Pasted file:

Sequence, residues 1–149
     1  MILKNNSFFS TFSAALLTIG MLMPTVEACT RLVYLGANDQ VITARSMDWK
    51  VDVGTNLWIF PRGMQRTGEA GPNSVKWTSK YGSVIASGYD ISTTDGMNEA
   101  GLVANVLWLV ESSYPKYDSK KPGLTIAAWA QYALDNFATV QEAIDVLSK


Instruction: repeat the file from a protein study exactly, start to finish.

Sequence, residues 1–149
     1  MILKNNSFFS TFSAALLTIG MLMPTVEACT RLVYLGANDQ VITARSMDWK
    51  VDVGTNLWIF PRGMQRTGEA GPNSVKWTSK YGSVIASGYD ISTTDGMNEA
   101  GLVANVLWLV ESSYPKYDSK KPGLTIAAWA QYALDNFATV QEAIDVLSK